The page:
If you are having a hard time making the angora yarn hold together, consider blending it with wool and working your way to a 100% angora yarn.
I decided to work my way up to 100% angora by starting with a little bit of angora in some wool, to see if the drum carder could handle it.
I carded the batt, spun and set it, then knitted it up to see how I liked it and how it performed for me.
After each carding, I spun and knit what I had just made before carding another blend.
For the second blend, I went 50/50, done by weight of the pre carded fiber, using a combination of Polwarth and Merino combed tops and angora.
Any of the finer wools would have worked well here. I used what I had on hand that would keep the yarn soft.
Next, I went to 25% wool and 75% angora, done by weight again, then 100% angora.
This kind of step down method seemed to work well for me and made spinning the angora pretty easy.
Crazy enough, I actually like the 50% angora the best, as far as easy to work with and the difference between the 75% and 100% angora is hard to feel.
You can tell from how the yarn performs, the 75% has some elasticity that the 100% does not, but from looks and touch, it’s not much difference at all.
I was not expecting that. I figured that each decrease in wool would make a marked increase in softness, but only to a point.
At the 75% mark, the only real difference to me is that this blend has some workability still build in, while the 100% angora has zero give.
Try blending to differing degrees yourself and see what percent angora you like the best, not only is it fun to make the blends, it’s also interesting to see what your preferences really are.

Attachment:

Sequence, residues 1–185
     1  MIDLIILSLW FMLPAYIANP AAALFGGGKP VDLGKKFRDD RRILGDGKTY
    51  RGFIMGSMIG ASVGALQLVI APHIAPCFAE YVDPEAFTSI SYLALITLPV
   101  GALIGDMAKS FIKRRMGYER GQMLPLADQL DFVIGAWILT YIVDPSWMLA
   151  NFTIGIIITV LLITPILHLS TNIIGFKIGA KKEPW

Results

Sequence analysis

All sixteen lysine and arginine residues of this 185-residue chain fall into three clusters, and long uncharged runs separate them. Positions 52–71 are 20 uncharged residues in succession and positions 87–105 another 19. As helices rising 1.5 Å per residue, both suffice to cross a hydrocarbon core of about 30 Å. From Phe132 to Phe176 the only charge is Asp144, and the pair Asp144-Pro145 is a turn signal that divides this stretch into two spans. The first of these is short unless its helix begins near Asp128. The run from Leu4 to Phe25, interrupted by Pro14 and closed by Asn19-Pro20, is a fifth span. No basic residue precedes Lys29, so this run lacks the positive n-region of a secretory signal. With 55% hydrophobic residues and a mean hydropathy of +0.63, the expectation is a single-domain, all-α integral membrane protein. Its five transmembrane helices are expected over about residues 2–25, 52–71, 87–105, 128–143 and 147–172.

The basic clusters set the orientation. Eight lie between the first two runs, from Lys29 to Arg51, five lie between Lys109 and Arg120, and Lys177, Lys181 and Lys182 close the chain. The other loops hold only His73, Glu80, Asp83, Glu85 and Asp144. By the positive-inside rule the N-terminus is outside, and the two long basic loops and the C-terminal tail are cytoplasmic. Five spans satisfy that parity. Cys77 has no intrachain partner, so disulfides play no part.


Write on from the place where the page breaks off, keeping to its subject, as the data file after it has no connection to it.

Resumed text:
Of course, you can spin 100% angora, if that is what you like!
My experience with angora wool
I used to have a terrible time spinning my angora, so much so that I just kept the fiber in a chest and didn’t try to spin it any more because I was just making a mess of it!
Truly sad, since it is such a wonderful fiber and so, so soft! Any time I tried to spin it, it was disasterville! I put the angora aside and worked with other fibers instead.
I recently purchased a drum carder and thought I’d give the angora a try on that, what did I have to lose?
It turns out that the drum carder is the key!
Drum carding the angora made a world of difference to me and helped me go from “look at all this angora, too bad I can’t spin it!” to actually spinning angora!
The preparation of the angora truly makes that big of a difference!
It sounds like I’m trying to sell you a drum carder, I’m not (but they are really great!). I’m more trying to sell you on you!
Stop holding yourself back when the easy fix here is to get some angora that is easy to use!
I have had a set of hand carders for quite a while now and, of course, tried to use those with the angora.
Technically, it worked, but it is static city, making the hand carded angora hard for me to work with.
If you are hand carding your angora, stop and get some roving to work with first or take some of your angora to a friend with a drum carder and make a batt.
Once you can work with the well prepared fiber, then move to using your home prepared angora.
The Joy Of Handspinning has an overview type article on angora fiber going over fiber preparation as well as uses.